Many thanks for this post. The overwhelming reaction to the DDD series has been very positive and I have been enormously grateful to the very kind comments logged on the series. Yes, there have been a few negative comments (some from those I would have expected better) but generally they have been very good.
Have I changed my views? Yes and no! No, regarding those power trails with a micro dropped in a hedge row every 1/10 mile – absolutely not. But I never set out to place a series like that. When I see the opportunities for some very interesting roadside caches, it makes me so annoyed to see a 35mm film canister shoved in a hedge – why! Just lack of imagination.
I did about 10 visits to the DDD location to plan and place all the caches. Each location was carefully mapped to avoid each other and other caches. The locations were approved long before a single cache was placed. I wanted a wide variety of caches and hides but this is more difficult on the open moor than most would imagine. I also wanted a variety of difficulty. Anybody can make a cache difficult by placing a micro in a clitter field, but I wanted something different and am fairly happy with the result. I will change things in the future though. Difficult hides should not contain bonus information and which caches contain the bonus information should be available. The cacher can then make a better judgement of how much time to spend looking for a cache.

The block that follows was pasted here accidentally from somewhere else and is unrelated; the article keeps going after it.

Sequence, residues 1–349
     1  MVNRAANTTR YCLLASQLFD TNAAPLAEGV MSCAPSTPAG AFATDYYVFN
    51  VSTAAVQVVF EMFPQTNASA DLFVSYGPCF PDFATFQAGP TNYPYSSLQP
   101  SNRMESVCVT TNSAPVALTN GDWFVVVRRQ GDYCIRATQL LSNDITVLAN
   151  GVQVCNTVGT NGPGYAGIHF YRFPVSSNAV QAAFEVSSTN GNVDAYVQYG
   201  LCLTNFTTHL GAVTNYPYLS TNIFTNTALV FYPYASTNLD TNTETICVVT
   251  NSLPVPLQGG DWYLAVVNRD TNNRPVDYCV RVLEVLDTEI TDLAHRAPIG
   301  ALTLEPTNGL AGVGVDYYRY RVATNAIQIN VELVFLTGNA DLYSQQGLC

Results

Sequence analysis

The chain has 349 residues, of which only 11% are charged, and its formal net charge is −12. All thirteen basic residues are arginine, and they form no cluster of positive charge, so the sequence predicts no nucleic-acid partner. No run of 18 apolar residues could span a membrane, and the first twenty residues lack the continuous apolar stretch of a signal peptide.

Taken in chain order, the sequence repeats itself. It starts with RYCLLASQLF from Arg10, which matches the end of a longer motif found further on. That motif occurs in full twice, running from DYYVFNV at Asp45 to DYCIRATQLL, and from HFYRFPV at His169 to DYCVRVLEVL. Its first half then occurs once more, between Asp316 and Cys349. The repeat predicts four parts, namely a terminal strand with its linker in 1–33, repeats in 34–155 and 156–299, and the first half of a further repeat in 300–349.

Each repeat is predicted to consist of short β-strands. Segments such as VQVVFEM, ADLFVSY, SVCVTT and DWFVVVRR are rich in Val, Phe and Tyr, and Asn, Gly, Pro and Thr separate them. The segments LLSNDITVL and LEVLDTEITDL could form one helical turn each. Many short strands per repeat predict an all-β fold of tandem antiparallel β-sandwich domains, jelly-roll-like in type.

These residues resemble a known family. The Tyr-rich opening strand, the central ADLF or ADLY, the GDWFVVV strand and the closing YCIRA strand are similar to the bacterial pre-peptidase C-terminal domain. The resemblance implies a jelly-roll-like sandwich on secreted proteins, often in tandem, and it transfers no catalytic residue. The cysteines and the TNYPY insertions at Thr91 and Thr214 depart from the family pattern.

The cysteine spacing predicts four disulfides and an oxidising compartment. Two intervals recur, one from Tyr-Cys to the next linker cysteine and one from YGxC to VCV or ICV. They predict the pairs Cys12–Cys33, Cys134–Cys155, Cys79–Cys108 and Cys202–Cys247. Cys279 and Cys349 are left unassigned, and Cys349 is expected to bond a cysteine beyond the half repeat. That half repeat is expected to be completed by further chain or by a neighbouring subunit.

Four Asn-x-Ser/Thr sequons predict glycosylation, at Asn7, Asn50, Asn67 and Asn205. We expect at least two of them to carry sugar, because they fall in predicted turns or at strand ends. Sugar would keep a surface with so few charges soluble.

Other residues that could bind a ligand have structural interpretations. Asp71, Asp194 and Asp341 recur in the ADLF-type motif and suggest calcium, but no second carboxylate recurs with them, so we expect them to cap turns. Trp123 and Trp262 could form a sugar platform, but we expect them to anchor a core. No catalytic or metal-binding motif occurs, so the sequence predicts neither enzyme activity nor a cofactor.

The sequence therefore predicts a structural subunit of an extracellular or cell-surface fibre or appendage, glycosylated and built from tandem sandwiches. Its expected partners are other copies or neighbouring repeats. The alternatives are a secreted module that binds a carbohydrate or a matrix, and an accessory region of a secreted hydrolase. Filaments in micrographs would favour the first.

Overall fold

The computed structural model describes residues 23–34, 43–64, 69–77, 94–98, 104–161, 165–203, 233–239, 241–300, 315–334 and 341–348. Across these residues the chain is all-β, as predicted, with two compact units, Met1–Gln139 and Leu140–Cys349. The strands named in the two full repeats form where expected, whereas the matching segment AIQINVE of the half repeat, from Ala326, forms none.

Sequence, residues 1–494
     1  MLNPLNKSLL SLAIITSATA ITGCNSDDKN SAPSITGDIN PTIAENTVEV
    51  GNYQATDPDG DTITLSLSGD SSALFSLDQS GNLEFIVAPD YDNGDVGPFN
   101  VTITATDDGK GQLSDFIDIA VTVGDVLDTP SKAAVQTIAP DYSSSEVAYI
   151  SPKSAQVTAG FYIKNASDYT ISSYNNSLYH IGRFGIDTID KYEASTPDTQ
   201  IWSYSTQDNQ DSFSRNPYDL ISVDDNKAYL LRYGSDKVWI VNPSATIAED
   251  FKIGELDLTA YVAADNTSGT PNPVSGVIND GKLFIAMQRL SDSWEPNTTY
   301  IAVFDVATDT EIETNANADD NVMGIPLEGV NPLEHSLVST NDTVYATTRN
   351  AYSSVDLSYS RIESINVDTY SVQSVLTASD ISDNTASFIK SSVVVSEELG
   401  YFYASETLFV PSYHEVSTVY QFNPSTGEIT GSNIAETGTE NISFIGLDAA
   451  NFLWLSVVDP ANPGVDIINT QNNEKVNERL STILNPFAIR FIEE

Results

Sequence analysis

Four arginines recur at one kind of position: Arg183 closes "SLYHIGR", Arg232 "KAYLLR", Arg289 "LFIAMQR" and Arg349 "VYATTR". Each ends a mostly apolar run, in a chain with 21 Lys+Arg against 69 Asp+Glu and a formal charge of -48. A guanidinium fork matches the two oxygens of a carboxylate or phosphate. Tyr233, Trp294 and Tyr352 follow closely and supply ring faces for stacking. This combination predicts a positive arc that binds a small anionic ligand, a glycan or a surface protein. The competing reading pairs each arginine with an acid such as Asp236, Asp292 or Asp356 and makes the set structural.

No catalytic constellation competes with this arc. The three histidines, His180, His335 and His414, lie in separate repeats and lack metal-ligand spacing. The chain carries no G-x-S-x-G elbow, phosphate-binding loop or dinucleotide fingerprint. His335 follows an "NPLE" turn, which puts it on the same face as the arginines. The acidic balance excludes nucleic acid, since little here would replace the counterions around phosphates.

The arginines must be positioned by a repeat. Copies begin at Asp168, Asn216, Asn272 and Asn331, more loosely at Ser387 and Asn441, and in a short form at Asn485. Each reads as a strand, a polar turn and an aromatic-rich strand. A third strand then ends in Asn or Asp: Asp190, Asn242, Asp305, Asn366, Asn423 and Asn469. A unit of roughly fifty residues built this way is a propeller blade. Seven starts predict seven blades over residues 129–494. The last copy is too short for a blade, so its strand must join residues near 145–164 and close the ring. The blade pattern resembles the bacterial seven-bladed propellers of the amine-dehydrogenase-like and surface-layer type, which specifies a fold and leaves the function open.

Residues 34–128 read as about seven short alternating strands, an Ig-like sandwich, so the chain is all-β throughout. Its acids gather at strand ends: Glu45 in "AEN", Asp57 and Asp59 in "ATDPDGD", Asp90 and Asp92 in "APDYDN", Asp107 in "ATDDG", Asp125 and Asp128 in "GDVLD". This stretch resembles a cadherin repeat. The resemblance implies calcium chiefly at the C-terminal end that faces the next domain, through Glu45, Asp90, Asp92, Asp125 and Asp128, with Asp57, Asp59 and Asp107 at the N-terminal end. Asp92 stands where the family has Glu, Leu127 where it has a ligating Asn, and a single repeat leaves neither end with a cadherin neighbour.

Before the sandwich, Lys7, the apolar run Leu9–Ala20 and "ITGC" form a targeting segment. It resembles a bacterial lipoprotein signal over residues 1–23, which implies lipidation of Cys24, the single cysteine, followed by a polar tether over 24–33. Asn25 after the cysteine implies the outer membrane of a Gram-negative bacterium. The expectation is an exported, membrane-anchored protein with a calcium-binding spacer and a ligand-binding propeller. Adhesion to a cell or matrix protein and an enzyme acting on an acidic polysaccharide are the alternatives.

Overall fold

As I have already planned another series, I guess the answer to the question is Yes. But the new series will be about the same length as DDD, but with more caches. It will also be doable both clockwise and anticlockwise. However, the terrain will be more difficult.
A couple of things from the CO’s point of view. I really hate TFTC logs and even worse copy and paste logs. If a CO bothers to place a cache then please think of something unique to say about it. I have had some wonderful logs and this one came yesterday:
“The terrain rating gives an idea of what to expect here. Yes, you will need to climb over boulders to get to this one. I had a bit of an adventure here.
I searched for a while
I thought about giving up
I turned around and lo and behold the cache was staring at me
I do that thing where you punch your fist in the air and shout ‘yes’ (not that anyone is listening out here)
Elation turned to despair when I dropped the cache when retrieving it
At this point the angel and devil appear on my shoulders. Do I rescue it or do I DNF it?
Fortunately for Dartmoor Dave I mounted a daring cache-rescue
Since the cache was in two feet of still water I took off one boot and rolled up the clothes on my left side. Hanging from the tree I managed to recover the cache, sign it and replace it incredibly carefully.
The moral of this story: bison containers don’t float but they are watertight!”
That really made my day AND I thanked them for it. That’s what geocaching is all about 🙂